You’ve heard this before, and you’ll hear it again, KAEM is all about the place and the people, and it gets under your skin.
Here is a lovely winding tale from a man we will just call Fergus, for today. He has the Kalahari embedded in his skin and it runs through these lines. Enjoy and embrace.
Musical musings on KAEM
On a dark desert highway, cool wind in my hair, warm smell of colitas, rising up through the air
While you do run down a few park roads, sadly there is no cool wind, I have no memories of any smells or at least none that I can associate with the Kalahari and I haven’t the foggiest idea what colitas is.
From eight thirty on Saturday morning it’s a case of raise your feet, lift your eyes & face the desert ahead, all the while drinking copious amounts of tepid water cause there’s a wilderness, It’s a no man’s land beyond Quiver Tree in Augrabies National Park, one hundred and fifty miles of burning sand and a silken thread keeps a hold on you when the emptiness like a potion, tends to fray your reason strand by strand.
At eye level it is relatively straight forward endeavour. For one week in October a 250 km self-sufficient foot race across the green Kalahari Desert, camping for six nights, only eating what fits in your backpack and sleeping in what you are willing to carry. Early to bed, early to rise, life stripped back to the bare necessities: eat, sleep, run, repeat enough to turn a fatboy slim.
David Gates must have participated in an earlier KAEM penning these immortal words after two days
“Kalahari, when my love for life is running dry, you come and pour yourself on me.”
By day three he must have contemplated rewriting those lyrics “and KAEM shat all over me”
Poets, romantics, even opticians enter this pilgrimage believing it a house of fun, only to discover a house of pain. Emerging from Death Valley softly whisper “I burn, I pine, I perish,” but not too loudly as everything you say on that trail will be taken down and used as evidence against you on Friday night and again Saturday (beware the Irish-South African, because he hears everything).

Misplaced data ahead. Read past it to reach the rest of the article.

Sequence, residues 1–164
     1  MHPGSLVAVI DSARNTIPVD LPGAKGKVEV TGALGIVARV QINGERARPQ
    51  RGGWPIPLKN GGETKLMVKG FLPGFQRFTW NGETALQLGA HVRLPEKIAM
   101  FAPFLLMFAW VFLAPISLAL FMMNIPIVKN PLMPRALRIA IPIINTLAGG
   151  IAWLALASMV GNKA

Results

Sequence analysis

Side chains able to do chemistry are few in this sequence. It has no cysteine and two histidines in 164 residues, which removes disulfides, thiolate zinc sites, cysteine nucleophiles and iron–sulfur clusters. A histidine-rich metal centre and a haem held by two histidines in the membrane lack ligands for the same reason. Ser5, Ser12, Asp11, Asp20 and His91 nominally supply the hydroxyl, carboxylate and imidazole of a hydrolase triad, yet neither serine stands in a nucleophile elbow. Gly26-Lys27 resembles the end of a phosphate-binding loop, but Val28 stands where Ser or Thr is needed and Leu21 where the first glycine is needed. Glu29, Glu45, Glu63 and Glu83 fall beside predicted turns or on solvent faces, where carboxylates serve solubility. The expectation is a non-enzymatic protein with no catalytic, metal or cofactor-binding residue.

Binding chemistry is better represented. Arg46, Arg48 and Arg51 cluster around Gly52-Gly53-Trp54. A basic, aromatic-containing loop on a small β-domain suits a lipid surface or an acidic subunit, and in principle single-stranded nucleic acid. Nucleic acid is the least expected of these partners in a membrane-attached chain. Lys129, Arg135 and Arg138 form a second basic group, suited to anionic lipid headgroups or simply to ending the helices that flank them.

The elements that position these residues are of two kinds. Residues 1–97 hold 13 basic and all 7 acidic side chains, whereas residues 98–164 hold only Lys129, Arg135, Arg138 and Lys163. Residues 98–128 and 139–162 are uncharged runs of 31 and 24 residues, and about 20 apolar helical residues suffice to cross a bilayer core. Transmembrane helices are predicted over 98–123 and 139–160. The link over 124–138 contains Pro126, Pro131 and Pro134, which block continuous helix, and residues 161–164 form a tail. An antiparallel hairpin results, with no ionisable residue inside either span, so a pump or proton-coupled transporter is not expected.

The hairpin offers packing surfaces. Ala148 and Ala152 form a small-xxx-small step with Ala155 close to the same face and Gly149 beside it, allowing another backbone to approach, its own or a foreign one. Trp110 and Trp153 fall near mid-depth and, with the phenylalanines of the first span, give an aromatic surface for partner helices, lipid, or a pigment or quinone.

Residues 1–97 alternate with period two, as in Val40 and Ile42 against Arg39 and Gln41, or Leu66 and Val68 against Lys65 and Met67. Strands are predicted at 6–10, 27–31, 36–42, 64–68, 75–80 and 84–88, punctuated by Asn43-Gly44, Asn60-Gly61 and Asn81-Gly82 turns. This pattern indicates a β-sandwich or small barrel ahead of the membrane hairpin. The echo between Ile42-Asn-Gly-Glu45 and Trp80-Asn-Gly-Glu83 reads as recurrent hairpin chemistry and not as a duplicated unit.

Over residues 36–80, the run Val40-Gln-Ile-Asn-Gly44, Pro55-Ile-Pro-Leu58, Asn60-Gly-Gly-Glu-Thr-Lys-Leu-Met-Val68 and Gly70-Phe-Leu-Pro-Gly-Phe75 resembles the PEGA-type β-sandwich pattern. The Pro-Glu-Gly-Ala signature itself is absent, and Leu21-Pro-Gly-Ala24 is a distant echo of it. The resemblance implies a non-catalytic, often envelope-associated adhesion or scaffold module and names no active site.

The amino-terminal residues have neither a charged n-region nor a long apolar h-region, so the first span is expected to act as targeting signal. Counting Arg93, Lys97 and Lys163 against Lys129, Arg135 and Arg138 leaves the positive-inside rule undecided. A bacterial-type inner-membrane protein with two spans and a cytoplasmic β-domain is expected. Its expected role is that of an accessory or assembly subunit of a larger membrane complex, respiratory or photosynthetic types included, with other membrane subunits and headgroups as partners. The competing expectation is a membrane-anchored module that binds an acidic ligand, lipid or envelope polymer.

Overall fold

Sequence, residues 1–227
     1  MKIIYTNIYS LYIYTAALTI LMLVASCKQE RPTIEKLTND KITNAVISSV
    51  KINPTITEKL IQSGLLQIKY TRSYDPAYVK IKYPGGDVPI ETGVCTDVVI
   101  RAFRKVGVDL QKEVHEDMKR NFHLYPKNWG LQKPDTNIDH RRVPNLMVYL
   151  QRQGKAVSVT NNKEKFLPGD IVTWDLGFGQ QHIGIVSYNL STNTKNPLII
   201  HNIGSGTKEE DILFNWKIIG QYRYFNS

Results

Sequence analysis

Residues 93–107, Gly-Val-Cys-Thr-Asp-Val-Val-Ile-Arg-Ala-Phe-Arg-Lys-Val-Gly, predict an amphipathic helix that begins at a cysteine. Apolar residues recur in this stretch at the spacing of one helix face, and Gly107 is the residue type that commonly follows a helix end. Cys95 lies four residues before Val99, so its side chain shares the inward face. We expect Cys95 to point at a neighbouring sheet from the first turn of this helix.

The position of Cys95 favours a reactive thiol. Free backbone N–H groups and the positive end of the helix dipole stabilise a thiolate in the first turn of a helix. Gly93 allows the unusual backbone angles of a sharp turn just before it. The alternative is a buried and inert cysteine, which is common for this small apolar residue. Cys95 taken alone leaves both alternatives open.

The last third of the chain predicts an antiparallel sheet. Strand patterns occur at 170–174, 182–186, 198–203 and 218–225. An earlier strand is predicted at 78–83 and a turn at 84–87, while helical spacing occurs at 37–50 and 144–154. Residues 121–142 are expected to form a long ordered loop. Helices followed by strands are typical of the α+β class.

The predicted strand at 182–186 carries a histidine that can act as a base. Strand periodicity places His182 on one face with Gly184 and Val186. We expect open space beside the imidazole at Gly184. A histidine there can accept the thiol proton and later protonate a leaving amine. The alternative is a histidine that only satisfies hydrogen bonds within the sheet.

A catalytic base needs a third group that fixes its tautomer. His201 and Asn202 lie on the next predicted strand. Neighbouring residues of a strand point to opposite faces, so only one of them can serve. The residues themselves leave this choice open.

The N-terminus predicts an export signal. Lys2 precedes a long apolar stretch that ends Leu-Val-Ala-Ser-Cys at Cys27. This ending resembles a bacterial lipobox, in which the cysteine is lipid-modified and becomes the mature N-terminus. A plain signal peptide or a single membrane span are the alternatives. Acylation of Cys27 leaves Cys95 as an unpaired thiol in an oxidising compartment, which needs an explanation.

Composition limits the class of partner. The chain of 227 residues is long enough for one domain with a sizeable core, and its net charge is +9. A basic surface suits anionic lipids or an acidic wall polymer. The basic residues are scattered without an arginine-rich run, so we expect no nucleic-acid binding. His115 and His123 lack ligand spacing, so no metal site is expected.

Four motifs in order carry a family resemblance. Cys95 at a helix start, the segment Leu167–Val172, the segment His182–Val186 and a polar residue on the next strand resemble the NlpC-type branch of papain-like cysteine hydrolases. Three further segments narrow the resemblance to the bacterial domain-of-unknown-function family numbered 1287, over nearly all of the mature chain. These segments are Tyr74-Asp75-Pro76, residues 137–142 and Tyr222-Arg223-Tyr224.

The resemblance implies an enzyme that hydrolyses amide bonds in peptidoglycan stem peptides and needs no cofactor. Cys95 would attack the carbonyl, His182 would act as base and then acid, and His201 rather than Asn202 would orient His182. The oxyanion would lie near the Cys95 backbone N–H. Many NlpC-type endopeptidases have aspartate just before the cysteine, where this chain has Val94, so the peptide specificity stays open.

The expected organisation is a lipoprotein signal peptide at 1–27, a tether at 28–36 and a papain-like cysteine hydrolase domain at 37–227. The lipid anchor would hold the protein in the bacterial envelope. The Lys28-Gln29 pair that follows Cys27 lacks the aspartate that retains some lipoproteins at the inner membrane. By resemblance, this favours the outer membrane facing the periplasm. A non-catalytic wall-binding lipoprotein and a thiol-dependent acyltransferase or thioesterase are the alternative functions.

At a deeper level it is piling stress upon stress when you least need it, enter the sandman (race director) to find a way of adding even more. Pain is always nearby with fellow bedfellows of despair and suffering not far behind, up ahead a fellow runner with kind words (sometimes a grunt, but a grunt is as good as a smile to a weary man). The medical team will nurse your bruised body, for they are the very wind beneath your wings who, every eight kilometres or so, are a band of water-bearing angels coming for to help you home . We struggle with our demons throughout, however on the Sunday morning when you run past the farm labourers sitting in front of their chalets casting a cold eye on runners passing by, you quickly realise these demons turn out middle class and lame.
Over the first four days a progression of ever longer runs culminate in the Big Daddy’s long day, 80 km of fun in the sun progressing into the long night for the soul. Yes, a fabulous night for a Moondance with stars up above and blistered feet below. Now is not the time to question why you signed up, but you will do this, at least twenty times before the next water stop. Day weaves into night and when the morning light comes streaming in you get up and do again turning KAEM into a pilgrimage, a voyage of discovery, a week like no other, where everybody hurts sometimes, even Bennie. By Day Six you know you’re not in Kansas anymore and it’s a long long way to Tipperary, but the back is broken on the beast and a sense of giddy excitement permeates because we ‘only’ have 25 km to go.
Final day dawns, running on empty you descend Moonrock with a whiff of alcohol in the air, possibly a mirage, but who cares because every step brings you closer to the realisation you love the smell of napalm/beer in the morning.
Whether you emerge broken or stronger, be assured all will change, change utterly, a terrible beauty is born within you. Food, drink and walking without a bag on your back never felt so good, that comfortable bed can wait, because an appreciation for the simple things in life now is firmly embedded in what’s left of your frayed frazzled brain and the Faustian pact agreed with yourself on Wednesday evening that promise to kill off those few vital remaining brain cells in Peties bar.
However, there is a sting in the tail (momma Nadia won’t warn you till it’s too late baby) cause just like that hotel in California,
“KAEM is programmed to receive; you can check out any time you like, but you can never leave”
(P.S for Big Lebowski fans, when it comes to the Eagles, I’m in full agreement with the Dude).